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Tech Writing Overview for Freelancers

It's more than just computers

When we hear the term, technical writing, most of us think of the manuals that come with our computers and software. We rarely recognize that the manual attempting to explain how to use, for instance, a new VCR, or the sheet that tries to explain how to assemble the new desk also falls under the broad definition of technical writing. The National Writers  Union actually breaks tech writing into three categories:

  1. Technology Education - writing to show non-technical readers how to use or do something.
  2. Traditional Technical Writing - writing for a technical audience. This would include manuals for repair techs of all sorts, as well as scientific papers, technical specifications and the like.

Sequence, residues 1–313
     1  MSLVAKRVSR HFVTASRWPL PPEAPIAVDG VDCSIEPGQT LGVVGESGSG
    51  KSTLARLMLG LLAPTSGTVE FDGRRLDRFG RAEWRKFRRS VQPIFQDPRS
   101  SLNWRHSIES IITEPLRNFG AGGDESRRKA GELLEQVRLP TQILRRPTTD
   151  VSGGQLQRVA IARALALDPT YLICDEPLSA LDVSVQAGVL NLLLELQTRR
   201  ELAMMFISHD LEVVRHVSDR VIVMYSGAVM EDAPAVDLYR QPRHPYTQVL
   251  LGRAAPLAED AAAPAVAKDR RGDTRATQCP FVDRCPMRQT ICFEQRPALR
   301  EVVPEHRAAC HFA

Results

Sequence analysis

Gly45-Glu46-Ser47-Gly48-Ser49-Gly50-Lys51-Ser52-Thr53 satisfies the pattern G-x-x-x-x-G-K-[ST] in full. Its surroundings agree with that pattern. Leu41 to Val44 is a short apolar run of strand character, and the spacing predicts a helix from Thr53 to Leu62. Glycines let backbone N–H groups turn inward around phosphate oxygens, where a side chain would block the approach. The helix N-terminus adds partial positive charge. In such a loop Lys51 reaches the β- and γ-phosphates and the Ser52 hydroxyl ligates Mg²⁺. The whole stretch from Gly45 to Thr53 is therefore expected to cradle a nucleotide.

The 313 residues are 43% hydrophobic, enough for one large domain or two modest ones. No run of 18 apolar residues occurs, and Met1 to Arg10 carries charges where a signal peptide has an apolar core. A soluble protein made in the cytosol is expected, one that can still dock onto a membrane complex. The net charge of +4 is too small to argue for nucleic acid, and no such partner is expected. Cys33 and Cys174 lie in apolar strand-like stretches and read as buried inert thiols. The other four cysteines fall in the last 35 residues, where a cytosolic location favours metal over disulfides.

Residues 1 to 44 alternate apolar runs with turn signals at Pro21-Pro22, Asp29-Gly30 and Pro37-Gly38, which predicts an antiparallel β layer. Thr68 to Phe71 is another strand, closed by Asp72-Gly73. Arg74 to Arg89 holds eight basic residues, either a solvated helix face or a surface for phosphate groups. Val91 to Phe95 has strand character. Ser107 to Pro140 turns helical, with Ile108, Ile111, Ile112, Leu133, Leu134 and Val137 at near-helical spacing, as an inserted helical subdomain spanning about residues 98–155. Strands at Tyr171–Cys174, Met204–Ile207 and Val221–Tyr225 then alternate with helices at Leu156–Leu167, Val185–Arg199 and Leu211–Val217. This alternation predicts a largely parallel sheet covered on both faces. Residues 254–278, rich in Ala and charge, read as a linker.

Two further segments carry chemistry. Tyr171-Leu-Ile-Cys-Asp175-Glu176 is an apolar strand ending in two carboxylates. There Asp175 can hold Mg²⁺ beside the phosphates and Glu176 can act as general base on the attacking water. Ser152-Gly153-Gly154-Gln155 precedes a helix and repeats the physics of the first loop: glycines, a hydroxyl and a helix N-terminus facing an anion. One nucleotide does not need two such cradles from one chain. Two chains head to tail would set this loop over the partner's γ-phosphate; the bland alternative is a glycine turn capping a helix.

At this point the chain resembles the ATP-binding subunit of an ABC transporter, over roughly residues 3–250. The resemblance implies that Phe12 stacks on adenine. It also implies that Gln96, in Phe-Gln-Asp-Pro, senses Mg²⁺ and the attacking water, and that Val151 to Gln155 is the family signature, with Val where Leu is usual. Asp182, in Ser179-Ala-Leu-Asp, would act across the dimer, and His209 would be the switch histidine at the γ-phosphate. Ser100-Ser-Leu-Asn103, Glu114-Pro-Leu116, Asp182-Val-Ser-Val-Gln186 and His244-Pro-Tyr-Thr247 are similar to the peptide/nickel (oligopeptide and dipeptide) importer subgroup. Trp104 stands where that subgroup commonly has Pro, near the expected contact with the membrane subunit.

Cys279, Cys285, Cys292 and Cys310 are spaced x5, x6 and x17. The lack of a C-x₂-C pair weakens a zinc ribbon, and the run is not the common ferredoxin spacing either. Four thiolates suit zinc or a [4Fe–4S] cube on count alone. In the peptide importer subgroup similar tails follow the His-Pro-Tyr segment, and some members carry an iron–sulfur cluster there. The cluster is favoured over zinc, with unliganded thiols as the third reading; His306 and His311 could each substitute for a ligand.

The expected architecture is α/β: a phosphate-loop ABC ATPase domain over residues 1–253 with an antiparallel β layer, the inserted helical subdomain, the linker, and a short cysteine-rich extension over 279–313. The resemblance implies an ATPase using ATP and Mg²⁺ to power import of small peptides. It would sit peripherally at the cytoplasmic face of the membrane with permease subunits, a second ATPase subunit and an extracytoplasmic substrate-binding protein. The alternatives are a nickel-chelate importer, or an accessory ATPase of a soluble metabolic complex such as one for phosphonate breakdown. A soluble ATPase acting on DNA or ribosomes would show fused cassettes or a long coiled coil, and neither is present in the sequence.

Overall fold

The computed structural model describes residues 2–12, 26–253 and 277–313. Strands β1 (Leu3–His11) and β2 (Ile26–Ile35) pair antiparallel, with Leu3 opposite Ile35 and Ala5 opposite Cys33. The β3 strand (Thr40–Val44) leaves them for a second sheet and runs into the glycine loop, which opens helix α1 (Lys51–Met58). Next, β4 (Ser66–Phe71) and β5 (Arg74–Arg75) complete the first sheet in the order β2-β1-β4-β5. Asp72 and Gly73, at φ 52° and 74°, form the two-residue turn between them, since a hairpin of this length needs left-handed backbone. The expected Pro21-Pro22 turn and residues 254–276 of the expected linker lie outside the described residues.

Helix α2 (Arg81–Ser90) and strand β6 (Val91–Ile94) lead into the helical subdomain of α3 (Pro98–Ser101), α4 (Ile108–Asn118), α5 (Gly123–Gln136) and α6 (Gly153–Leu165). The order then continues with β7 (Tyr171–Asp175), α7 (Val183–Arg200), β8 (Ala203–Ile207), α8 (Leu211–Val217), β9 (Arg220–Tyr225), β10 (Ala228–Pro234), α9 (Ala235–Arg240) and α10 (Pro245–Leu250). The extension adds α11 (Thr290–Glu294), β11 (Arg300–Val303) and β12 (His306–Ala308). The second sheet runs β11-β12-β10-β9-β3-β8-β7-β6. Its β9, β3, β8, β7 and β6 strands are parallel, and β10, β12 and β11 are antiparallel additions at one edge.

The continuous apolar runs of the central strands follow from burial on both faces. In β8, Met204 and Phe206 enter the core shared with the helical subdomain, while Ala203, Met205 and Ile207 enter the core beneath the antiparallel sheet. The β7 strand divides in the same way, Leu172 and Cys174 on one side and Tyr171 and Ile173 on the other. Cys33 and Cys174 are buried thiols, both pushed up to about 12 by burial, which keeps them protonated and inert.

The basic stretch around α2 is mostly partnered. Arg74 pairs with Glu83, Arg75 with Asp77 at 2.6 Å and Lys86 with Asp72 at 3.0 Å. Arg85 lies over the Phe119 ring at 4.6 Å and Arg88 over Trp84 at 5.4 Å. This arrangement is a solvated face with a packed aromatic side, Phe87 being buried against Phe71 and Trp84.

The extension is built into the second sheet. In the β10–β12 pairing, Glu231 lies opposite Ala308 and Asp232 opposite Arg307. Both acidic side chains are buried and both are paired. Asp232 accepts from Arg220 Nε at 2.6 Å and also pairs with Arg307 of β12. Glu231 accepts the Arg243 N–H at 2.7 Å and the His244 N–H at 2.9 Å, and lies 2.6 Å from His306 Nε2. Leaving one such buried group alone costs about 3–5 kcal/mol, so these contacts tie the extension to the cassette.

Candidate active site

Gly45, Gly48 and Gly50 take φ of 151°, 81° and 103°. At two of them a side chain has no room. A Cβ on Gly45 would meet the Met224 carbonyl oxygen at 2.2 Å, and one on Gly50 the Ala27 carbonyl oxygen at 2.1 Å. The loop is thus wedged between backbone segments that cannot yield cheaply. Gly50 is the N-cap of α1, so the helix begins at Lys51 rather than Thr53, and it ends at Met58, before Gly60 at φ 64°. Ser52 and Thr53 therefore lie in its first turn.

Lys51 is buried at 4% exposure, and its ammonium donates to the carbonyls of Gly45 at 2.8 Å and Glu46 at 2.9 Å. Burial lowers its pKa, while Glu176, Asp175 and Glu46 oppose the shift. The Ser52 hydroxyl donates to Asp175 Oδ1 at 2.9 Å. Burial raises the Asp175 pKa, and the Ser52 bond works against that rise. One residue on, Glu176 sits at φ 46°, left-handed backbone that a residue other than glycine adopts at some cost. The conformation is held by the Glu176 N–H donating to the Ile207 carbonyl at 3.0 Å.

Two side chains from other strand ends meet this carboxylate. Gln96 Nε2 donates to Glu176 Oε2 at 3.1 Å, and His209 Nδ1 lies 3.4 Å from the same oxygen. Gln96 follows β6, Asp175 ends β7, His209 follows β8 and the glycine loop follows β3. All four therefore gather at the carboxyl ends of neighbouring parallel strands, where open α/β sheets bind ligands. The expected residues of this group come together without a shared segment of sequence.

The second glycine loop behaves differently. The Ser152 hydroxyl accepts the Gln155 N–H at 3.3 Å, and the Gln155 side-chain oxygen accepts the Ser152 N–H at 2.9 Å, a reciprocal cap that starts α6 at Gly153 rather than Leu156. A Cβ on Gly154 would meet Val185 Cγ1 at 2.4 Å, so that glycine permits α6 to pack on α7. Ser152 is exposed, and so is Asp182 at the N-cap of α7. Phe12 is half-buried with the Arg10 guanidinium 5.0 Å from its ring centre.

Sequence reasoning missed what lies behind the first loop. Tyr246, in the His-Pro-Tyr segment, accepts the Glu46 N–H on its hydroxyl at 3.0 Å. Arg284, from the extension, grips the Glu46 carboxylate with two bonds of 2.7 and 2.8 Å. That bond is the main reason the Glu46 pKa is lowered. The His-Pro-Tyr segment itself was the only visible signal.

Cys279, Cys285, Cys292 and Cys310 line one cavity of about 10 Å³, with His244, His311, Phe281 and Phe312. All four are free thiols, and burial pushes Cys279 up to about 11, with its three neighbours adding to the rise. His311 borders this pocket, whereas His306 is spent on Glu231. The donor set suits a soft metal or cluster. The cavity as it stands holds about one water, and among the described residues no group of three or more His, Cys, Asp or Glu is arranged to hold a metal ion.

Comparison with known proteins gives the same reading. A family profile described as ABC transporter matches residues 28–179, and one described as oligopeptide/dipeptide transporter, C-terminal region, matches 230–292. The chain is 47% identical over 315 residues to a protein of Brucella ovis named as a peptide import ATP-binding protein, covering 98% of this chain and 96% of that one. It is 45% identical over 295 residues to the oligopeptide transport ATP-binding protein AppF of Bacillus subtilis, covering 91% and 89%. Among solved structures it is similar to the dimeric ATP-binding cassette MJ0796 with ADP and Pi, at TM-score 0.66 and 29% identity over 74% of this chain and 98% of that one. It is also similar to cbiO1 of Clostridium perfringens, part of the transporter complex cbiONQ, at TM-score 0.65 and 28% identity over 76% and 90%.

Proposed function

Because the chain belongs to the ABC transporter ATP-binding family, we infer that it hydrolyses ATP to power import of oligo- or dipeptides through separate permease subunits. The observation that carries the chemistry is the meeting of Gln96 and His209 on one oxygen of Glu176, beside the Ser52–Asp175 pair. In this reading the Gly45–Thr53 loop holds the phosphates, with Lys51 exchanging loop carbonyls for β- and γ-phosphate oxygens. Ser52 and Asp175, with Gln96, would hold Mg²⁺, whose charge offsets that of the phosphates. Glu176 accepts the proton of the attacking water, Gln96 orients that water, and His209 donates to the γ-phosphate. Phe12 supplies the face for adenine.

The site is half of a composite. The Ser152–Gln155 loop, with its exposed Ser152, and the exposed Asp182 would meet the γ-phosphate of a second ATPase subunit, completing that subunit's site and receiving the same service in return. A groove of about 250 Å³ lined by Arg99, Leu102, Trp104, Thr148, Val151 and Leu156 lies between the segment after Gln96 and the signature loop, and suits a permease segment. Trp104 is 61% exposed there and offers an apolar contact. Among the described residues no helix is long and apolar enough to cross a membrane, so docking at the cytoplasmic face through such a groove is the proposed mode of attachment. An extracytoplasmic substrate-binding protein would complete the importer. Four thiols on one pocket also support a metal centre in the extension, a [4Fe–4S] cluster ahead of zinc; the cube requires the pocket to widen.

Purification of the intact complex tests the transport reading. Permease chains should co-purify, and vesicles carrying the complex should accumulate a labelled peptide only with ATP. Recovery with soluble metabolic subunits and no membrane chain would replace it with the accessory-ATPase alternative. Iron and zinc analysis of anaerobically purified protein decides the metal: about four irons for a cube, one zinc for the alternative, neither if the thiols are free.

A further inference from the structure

3. Technology Marketing, also known as Marcom - writing marketing materials and corporate communications for and within technical fields like computers, aerospace, etc.
Obviously, the educational requirements for each are different. Traditional Technical Writing usually requires some sort of degree in the specific field in question.

Both Technology Education and Technology Marketing, however, often have less stringent requirements. If, for instance, you have some experience with sales you may be able to land a Marcom job. If you want to write software manuals, you'll probably have to get some sort of technical writing education, which might be a certification from a local community college or even an online course.

Tech writing isn't glamorous, but it does require some creativity, because like all writing, this field demands that you communicate clearly with your audience. And it can be a solid source of income, sometimes surprisingly good income. 

Write well and often!

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